To Snowy this time, unabridged and with illustrations by Anthony Browne. The girls and I read a much duller version and perhaps it's Browne's surreal amusements that drew Snowy in and along with the story.
Poor Alice! and yet not-so-poor Alice at all - forever changing in a world that makes little sense; scolded, berated, cajoled, threatened. It's an odd book for a child of six to enjoy ( compared to a contemporary book like the hilarious 'Nanny Piggins', where the subversion is direct - more on her later ), though when you consider how Alice's adventures mirror the experience of being a child, perhaps not.
Porcine babies and grinning cats aside, the child inhabits a body that is constantly changing and is sometimes out of his control, inhabits a world in which the social norms must often seem arbitrary. Adult behaviour is mystifying, sometimes frightening, adult demands must be complied with, punishment ( "Off with her head!" ) exists.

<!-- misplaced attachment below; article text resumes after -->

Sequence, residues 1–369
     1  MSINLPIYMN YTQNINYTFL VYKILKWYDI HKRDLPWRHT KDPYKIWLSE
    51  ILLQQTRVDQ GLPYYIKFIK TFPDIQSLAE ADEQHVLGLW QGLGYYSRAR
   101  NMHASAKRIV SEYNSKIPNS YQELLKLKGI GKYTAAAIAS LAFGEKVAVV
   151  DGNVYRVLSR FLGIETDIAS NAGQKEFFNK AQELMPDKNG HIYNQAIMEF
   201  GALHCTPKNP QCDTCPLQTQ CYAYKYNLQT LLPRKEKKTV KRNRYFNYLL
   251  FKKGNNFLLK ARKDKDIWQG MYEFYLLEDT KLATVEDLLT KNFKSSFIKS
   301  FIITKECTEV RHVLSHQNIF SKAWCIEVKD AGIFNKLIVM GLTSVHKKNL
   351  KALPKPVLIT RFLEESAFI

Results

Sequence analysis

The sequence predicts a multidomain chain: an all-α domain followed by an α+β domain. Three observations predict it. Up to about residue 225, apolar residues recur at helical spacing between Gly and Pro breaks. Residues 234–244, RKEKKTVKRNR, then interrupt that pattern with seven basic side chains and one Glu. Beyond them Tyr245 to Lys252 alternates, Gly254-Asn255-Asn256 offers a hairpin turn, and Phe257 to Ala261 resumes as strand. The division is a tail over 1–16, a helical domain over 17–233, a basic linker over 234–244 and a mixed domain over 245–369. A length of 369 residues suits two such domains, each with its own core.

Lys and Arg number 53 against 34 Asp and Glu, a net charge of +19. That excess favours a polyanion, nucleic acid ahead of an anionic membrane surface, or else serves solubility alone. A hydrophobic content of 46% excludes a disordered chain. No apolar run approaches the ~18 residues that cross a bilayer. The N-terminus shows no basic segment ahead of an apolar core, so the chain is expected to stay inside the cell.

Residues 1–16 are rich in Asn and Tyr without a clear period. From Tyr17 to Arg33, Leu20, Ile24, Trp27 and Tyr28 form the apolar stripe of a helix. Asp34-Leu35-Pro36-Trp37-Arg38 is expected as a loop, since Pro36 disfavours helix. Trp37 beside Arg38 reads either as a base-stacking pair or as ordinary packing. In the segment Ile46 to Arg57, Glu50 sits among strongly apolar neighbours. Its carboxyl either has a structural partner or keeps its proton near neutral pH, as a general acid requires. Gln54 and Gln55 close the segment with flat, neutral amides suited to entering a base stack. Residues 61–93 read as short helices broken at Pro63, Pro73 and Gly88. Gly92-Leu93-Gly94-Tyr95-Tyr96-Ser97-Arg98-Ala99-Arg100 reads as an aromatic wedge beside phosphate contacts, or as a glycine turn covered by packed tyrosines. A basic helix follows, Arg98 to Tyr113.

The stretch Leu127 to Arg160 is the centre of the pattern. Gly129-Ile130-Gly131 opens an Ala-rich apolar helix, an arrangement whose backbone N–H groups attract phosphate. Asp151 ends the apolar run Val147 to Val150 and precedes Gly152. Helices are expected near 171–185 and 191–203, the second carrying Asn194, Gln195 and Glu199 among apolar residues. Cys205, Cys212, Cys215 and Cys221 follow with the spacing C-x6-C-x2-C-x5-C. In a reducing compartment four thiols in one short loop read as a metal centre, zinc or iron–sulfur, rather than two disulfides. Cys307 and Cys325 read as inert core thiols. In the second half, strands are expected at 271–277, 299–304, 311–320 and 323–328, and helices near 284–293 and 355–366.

Reading aloud, I'm struck by how plucky Alice is, how she uses her will, her grit and her thinking to navigate a world of Nonsense, how she not only sees through the worst of our adult world but has the voice to denounce us as the pack of cards we often are. Which is why that sickly, final chapter, when Alice wakes and is sent off to tea by her sister, is so deeply disappointing. She may be returned to her normal size, but after all her adventures in Wonderland, the real Alice has grown too old and too wise for the nursery.